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Riley v. United States

District of Columbia Court of Appeals

January 24, 2002


Appeal from the Superior Court of the District of Columbia Criminal Division Cr. No. F-1908-99 (Hon. Noel A. Kramer, Trial Judge)

Before Steadman and Glickman, Associate Judges, and Belson, Senior Judge.

The opinion of the court was delivered by: Glickman, Associate Judge

Argued December 10, 2001

Ricardo Riley was convicted of armed robbery based on evidence that he drove the getaway car for Thomas Bell after Bell held up a Payless Shoe Store at gunpoint. On appeal, Riley seeks a new trial because the trial court permitted the government to introduce other crimes evidence on the issue of Riley's intent to aid and abet Bell in the commission of the robbery. This evidence consisted of testimony that a month before Riley was arrested in this case, the police stopped him while he was driving the getaway car for Bell following the armed robbery of another retail establishment. *fn1 Riley contends that the trial court erred in admitting this telling evidence because he did not "meaningfully contest" the element of intent. We conclude otherwise. Beginning with his counsel's opening statement, which was delivered immediately after the government's opening, Riley did contest the government's proof of his intent in a "meaningful" fashion. Indeed, Riley's intent to aid and abet the commission of an armed robbery was the central issue in the case. The trial judge therefore did not err in allowing the government, at the close of its case-in-chief, to present the other crimes evidence.

"[E]vidence of a crime for which the accused is not on trial is `inadmissible to prove disposition to commit crime, from which the jury may infer that the defendant committed the crime charged.'" Busey v. United States, 747 A.2d 1153, 1164 (D.C. 2000) (quoting Drew v. United States, 118 U.S. App. D.C. 11, 15-16, 331 F.2d 85, 89-90 (1964)). Other crimes evidence is admissible, however, when it is "relevant and important" to the issue of intent (among other issues). *fn2 Busey, 747 A.2d at 1164 n.12 (quoting Drew, 118 U.S. App. D.C. at 16, 331 F.2d at 90). The defendant's intent must be "genuinely in issue, not merely in the sense that it is an element of the offense, but in the sense that it is genuinely controverted." Thompson v. United States, 546 A.2d 414, 422-23 (D.C. 1988) (citations omitted). "[W]here intent is not controverted in any meaningful sense, evidence of other crimes to prove intent is so prejudicial per se that it is inadmissible as a matter of law." Id. at 423.

Emphasizing that he did not testify or put on any witnesses, Riley argues that he did not open the door to other crimes evidence by contesting intent in a meaningful way. In her opening statement, however, Riley's defense counsel "expressly contest[ed] intent." See Jefferson v. United States, 587 A.2d 1075, 1078 (D.C. 1991) (observing that a defendant genuinely may contest intent through an opening statement); accord, Thompson, 546 A.2d at 423-24 and 423 n.16; Landrum v. United States, 559 A.2d 1323, 1328 (D.C. 1989). Counsel stated that Riley did not aid and abet Bell, and thus was not guilty, because "[h]e did not know that Thomas Bell was going to rob the Payless that day." Counsel explained that Riley was taken by "surprise[]" when Bell jumped in his car, held a gun on him, and forced him to drive away. [Id.] According to his counsel's opening statement, Riley was "[u]nsure of what Mr. Bell was capable of or what he was doing," had "made a mistake" in befriending Bell, and "was duped by Thomas Bell that day." These statements, which made it clear that Riley's knowledge and intent would be the central and very much controverted issues for the jury to resolve, *fn3 satisfied the Thompson threshold for admitting other crimes evidence in the government's case-in-chief under the intent exception.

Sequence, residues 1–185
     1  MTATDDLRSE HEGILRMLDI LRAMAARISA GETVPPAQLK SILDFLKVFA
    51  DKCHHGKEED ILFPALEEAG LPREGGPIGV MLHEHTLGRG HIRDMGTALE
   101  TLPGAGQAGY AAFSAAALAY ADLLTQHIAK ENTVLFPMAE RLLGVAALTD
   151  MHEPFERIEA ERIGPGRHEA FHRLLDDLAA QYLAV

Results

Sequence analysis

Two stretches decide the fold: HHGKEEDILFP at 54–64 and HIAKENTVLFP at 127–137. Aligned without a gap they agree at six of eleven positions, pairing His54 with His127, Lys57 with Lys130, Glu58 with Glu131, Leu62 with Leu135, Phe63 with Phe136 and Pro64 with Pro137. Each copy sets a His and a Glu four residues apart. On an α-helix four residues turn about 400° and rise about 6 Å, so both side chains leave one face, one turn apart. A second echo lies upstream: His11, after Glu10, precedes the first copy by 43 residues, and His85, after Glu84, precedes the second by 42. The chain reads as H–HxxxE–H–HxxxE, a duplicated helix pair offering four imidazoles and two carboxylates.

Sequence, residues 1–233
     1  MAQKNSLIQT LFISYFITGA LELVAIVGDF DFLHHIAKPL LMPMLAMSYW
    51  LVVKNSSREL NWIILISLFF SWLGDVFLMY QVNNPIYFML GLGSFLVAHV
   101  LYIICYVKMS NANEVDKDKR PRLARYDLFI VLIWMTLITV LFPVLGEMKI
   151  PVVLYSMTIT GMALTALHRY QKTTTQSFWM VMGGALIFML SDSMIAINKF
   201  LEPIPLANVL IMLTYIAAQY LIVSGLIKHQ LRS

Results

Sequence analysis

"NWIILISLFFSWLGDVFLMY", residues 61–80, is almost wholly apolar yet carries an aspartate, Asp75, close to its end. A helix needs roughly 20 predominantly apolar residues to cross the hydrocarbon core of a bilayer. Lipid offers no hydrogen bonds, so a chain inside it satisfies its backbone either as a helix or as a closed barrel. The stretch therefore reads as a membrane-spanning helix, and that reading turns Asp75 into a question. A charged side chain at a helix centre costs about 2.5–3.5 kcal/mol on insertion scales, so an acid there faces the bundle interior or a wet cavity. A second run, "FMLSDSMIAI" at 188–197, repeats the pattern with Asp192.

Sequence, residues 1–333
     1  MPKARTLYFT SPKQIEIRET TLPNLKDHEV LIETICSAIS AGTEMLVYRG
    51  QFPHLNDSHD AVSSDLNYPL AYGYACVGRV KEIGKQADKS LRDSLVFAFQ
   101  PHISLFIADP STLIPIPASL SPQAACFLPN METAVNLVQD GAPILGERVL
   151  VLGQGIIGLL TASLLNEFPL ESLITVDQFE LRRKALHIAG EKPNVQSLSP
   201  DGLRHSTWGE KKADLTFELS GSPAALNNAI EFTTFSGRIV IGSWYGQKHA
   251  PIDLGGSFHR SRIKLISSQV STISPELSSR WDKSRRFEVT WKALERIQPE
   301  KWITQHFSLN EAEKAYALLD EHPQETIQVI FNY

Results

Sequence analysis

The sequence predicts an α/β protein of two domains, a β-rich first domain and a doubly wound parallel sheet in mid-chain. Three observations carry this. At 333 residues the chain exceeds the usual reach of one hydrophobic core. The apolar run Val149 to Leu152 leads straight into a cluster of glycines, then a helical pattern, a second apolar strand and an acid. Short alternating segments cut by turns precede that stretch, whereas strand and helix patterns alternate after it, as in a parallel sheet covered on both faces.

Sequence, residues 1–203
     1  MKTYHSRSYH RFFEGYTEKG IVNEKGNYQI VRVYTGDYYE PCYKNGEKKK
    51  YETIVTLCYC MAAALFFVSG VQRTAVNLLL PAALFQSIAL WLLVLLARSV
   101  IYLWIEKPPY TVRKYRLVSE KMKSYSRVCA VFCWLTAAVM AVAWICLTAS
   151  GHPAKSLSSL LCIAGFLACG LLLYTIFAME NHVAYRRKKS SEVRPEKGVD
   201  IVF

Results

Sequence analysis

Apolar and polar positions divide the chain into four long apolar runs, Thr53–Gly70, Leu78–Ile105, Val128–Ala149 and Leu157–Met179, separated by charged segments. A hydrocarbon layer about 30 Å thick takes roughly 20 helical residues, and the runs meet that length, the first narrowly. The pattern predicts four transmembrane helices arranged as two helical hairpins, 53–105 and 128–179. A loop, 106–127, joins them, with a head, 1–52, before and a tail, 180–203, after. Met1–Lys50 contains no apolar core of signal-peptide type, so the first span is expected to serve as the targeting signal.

Riley argues, however, that it was the government, not the defense, that made an issue of his intent, when it brought up as part of its case-in-chief the account that Riley gave to the police at the time of his arrest. In that account, which the prosecutor summarized in his opening statement, Riley told the police that a man he did not know *fn4 had jumped in his car without warning, brandished a gun, and compelled him to drive off. Riley contends that once the government introduced his story of duress as part of its evidence, he merely sought to incorporate it into his general denial that he was Bell's accomplice. In essence, Riley argues that the prosecution should not be permitted to use its own elevation of intent into a controverted issue as the predicate for the admission of otherwise precluded (because highly prejudicial) other crimes evidence.

We are not persuaded by this argument. Riley's intent to aid and abet Bell was an element of the charged offense which the government bore the burden of proving, like any other element, beyond a reasonable doubt. As part of its effort to shoulder that burden, the government was entitled to prove in its case-in-chief that Riley made false exculpatory statements to the police that evinced consciousness of guilt. See Nelson v. United States, 601 A.2d 582, 595 (D.C. 1991). This evidence did not make Riley's intent a controverted issue at trial, and by itself, it did not render the other crimes evidence admissible under the intent exception. *fn5 It then remained up to Riley either to "fight or fold" on the issue of intent. As one would expect in an aiding and abetting case in which the other elements of the crime were virtually beyond dispute, Riley opted to fight. In doing so, he made his intent a matter of genuine controversy, and the trial court did not err in ruling that he opened the door to the other crimes evidence offered by the government.

Appellant's conviction is affirmed.

So ordered.

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